In accelerator physics, ionization cooling is a process by which the emittance of a charged particle beam can be reduced . In ionization cooling, particles are passed through some material. The momentum of the particles is reduced as they ionize atomic electrons in the material. Thus the normalised beam emittance is reduced. By re-accelerating the beam, for example in an RF cavity, the longitudinal momentum may be restored without replacing transverse momentum. Thus overall the angular spread and hence the geometric emittance in the beam will be reduced.
Ionization cooling can be spoiled by stochastic physical processes. Multiple Coulomb scattering in muons as well as nuclear scattering in protons and ions can reduce the cooling or even lead to net heating transverse to the direction of beam motion. In addition, energy straggling can cause heating parallel to the direction of beam motion.
Other articles related to "ionization cooling, cooling":
... The technique can be adapted to provide longitudinal as well as transverse cooling by using a dipole magnet as a dispersive prism to divide the particles by energy, and then ... A simple way is to fill the dipole itself with cooling material, so that more energetic particles following a larger orbit pass are cooled more ...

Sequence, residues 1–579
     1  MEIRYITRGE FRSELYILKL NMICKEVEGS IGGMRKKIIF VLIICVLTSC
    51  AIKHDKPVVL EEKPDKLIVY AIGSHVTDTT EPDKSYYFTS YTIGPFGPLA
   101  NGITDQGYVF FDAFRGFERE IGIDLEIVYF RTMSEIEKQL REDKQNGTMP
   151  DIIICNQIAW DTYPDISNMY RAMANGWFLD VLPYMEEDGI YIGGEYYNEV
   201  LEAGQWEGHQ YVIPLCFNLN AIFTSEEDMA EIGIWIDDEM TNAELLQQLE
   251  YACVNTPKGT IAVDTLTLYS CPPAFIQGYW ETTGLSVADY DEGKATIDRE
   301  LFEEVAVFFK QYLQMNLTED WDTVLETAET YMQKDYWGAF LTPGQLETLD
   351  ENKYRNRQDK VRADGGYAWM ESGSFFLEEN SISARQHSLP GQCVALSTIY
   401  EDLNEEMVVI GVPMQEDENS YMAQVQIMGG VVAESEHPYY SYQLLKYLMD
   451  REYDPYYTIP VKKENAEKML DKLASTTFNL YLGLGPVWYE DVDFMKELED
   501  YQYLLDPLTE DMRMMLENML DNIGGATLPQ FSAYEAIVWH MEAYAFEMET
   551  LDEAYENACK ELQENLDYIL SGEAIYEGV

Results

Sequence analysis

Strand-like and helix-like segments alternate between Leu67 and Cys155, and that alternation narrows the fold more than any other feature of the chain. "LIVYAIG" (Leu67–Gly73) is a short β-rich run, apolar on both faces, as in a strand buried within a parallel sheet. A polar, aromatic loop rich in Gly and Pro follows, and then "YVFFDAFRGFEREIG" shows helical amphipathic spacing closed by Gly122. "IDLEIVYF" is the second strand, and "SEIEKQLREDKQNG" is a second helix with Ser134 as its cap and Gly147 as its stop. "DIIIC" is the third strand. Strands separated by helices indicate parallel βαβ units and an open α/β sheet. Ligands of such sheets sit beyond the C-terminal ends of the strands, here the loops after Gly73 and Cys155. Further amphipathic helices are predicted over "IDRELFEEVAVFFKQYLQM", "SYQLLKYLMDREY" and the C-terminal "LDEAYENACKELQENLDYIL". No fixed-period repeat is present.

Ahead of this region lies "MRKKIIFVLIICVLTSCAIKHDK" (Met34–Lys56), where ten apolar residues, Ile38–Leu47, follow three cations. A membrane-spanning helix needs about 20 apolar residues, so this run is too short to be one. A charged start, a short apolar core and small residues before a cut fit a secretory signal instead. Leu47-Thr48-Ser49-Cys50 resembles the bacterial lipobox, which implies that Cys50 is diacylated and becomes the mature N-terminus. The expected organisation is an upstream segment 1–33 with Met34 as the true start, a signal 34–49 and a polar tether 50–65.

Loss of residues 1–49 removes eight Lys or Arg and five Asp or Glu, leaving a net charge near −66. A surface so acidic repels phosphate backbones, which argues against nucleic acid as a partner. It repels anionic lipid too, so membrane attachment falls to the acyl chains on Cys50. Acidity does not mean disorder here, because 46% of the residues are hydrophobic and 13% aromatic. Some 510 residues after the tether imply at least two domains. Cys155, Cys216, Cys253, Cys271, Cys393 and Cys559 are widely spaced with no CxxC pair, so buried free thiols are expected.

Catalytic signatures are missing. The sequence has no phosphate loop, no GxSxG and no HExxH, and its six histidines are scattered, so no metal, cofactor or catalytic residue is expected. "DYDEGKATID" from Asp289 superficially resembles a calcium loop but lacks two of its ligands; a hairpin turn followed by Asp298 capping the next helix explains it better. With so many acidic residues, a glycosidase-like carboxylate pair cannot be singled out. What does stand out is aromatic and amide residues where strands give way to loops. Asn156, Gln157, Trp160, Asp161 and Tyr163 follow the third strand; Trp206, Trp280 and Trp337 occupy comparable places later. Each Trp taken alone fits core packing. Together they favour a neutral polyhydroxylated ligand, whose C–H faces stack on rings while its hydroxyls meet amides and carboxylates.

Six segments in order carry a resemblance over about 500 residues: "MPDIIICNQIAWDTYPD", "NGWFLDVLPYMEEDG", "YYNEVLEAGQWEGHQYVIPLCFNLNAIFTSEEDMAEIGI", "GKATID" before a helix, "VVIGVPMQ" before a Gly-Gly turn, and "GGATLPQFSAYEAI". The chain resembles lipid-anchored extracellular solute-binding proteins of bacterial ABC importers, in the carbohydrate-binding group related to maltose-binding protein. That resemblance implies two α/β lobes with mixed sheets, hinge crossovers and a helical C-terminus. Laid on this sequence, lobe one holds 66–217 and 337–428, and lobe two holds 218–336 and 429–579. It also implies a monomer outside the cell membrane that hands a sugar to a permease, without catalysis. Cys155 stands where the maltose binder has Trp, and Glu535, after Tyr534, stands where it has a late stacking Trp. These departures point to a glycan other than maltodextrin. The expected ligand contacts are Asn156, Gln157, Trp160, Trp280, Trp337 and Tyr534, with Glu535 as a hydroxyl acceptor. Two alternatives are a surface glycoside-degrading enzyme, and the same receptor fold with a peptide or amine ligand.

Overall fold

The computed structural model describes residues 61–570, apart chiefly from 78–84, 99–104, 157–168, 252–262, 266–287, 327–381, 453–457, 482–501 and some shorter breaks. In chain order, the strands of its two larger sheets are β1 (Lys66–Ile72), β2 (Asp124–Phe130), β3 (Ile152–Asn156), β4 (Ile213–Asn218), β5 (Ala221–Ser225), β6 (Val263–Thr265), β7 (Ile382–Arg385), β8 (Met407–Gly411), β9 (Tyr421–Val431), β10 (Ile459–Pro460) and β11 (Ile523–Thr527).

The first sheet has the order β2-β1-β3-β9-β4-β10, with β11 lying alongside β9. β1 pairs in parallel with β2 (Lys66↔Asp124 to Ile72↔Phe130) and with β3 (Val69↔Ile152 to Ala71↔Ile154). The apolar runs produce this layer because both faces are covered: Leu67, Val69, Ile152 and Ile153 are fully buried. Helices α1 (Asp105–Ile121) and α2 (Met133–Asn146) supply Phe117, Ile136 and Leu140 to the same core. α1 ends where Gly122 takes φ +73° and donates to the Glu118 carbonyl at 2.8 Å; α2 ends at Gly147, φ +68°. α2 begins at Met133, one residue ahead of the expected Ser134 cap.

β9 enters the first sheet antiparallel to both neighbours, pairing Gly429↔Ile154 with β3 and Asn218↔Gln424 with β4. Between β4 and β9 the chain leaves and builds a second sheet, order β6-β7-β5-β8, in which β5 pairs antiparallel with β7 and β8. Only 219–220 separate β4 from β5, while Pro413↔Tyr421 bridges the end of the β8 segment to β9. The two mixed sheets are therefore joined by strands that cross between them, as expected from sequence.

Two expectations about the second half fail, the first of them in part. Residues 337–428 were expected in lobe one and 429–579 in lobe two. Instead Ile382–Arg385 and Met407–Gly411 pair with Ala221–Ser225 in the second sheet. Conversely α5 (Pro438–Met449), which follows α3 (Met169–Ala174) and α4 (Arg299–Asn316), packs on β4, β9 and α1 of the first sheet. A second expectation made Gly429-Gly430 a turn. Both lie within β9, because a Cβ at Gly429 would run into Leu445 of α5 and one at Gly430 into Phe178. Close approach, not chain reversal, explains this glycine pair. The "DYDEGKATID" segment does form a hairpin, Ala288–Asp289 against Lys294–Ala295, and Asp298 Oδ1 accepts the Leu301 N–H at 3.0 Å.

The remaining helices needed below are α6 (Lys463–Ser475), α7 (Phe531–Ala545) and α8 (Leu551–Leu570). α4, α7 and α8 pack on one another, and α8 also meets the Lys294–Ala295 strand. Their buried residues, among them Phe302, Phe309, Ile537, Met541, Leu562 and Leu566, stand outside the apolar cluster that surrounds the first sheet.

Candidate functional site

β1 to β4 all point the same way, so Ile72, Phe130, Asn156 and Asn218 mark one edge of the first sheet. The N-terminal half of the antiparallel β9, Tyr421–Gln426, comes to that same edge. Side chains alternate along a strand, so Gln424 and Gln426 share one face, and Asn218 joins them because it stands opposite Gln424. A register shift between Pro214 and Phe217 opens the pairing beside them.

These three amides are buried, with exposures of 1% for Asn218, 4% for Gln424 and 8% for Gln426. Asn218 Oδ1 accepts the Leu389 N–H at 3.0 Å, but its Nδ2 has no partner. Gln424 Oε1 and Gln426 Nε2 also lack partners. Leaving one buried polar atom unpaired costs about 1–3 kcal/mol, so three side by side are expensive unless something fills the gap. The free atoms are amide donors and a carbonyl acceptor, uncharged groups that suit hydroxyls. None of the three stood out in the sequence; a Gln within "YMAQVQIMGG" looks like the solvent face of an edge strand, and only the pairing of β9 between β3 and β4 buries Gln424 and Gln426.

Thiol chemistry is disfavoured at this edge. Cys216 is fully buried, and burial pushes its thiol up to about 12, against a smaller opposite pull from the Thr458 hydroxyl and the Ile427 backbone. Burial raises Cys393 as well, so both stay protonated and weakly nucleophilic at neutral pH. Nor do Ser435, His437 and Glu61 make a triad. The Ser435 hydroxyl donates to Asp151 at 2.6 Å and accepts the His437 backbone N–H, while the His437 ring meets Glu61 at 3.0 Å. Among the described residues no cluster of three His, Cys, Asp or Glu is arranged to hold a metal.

... The International Muon Ionization Cooling Experiment (or MICE) is a high energy physics experiment designed to observe ionization cooling of muons ... MICE will reduce 6D emittance over a single 5.5 m cooling cell and measure that reduction ... MICE will measure cooling performance over a range of beam momenta between about 150 and 250 MeV/c, for various absorber materials and magnetic field ...
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